Wealthy Moslem families come to Malaysia on holiday from Saudi Arabia, Kuwait and other nearby Arab countries. Upon arrival to our hotel, we happened to see a situation that was quite remarkable. A husband and his wife wearing a burka headed for the pool. Suddenly, it started to rain heavily. The husband (with a T-short and trunks) went into the pool. Fully covered with her Burka, the wife (with a "$1000 Gucci purse" and fancy shoes) stood at the side of the pool and watched her husband swim about. Then, he took his t-shirt off, handed it to her (mind you it is still pouring) and she proceeded to wring the t-shirt out. She just stood at the side of the pool - fully drenched. Amazing!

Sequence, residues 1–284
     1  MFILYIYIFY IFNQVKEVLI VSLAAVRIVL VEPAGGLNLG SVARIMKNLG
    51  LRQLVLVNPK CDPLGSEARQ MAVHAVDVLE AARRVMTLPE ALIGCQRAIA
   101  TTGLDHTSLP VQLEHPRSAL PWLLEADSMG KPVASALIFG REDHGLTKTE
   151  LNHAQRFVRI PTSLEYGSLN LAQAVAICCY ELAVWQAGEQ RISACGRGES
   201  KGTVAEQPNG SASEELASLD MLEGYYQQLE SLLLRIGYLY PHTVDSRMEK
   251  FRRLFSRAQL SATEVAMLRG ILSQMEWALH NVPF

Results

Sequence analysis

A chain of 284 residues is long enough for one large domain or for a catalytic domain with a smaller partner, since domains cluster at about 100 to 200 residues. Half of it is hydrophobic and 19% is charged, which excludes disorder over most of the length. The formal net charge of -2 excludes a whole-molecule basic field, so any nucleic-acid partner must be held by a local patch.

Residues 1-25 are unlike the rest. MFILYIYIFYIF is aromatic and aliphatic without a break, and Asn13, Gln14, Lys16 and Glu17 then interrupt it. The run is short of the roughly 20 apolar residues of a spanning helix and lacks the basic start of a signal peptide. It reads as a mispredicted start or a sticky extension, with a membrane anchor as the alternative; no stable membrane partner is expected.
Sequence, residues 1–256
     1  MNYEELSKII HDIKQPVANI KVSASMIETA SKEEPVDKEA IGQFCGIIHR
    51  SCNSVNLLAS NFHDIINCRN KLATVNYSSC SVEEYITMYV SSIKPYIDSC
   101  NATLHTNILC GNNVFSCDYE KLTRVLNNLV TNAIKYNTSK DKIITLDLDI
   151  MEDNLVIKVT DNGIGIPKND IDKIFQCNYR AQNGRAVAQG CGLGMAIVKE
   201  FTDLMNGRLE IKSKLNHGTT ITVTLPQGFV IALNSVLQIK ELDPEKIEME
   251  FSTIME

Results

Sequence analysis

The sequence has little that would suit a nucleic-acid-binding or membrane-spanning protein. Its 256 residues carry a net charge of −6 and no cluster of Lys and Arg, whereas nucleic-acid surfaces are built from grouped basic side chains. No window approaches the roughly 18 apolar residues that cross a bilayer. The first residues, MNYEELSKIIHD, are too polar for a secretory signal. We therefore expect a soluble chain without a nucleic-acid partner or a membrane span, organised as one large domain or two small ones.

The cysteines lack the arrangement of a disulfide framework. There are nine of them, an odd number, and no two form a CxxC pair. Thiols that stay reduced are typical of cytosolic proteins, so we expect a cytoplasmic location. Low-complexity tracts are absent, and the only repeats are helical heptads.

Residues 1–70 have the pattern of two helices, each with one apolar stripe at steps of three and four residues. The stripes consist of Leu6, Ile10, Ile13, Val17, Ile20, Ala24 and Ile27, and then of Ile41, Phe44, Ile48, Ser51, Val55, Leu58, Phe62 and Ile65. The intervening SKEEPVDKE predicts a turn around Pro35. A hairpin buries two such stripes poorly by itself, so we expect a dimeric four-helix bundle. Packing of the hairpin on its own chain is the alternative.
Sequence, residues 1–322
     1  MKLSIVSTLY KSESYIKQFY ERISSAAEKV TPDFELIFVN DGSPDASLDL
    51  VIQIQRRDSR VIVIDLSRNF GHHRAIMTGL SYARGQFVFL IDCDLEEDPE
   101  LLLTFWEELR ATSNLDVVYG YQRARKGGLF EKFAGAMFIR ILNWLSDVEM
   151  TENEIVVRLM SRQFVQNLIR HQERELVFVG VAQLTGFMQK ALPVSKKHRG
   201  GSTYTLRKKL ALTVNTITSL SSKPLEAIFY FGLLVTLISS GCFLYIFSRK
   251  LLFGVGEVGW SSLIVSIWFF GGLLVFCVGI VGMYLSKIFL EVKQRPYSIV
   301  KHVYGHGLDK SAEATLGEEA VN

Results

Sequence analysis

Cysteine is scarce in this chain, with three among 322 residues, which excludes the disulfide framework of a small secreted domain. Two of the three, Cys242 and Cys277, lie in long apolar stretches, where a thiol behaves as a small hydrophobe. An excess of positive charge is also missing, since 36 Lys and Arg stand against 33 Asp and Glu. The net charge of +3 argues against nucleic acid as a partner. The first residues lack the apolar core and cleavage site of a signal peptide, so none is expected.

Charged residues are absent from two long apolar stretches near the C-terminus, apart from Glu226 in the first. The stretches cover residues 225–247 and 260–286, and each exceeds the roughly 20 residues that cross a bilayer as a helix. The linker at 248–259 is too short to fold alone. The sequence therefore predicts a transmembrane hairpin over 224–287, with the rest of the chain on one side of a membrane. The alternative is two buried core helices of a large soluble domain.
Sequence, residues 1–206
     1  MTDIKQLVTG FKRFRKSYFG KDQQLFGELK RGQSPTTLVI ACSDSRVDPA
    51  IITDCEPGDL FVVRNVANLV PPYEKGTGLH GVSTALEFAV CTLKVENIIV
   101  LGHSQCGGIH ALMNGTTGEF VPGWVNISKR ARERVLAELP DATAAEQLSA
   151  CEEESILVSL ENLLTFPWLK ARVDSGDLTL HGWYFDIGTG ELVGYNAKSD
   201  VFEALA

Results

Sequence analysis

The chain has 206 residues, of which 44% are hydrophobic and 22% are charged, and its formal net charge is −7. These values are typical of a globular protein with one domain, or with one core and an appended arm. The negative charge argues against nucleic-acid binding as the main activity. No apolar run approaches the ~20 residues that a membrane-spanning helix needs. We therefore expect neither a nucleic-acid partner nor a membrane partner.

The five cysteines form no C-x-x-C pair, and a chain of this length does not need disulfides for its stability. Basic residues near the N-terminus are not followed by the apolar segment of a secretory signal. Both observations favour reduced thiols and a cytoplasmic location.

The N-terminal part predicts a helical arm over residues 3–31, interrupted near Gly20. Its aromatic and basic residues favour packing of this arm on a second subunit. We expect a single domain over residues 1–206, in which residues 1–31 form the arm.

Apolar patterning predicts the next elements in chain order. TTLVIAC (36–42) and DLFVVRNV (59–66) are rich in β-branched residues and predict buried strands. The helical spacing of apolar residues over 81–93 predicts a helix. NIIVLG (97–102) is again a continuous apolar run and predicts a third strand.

The sun came out about two hours later. People were in the pool and walking around the very tropical grounds. Moslem boys were playing in the pool, having a good time and playing around as one might do in a pool. However, there were no Moslem (young) girls anywhere to be seen.

There was another situation where some mothers wearing burkas were in the pool with pre-teen girls. The girls were in a bathing suit that literally covered their entire bodies.

As this blog is being written, a Saudi mother walked by with three children - two boys (probably 8 and 10) and a daughter that may have been around 12. The daughter was wearing a typical black Burka. However, in this case, her face was exposed. Perhaps, a year from now, the girl will be fully covered in public!?!?!

*                  *                  *                *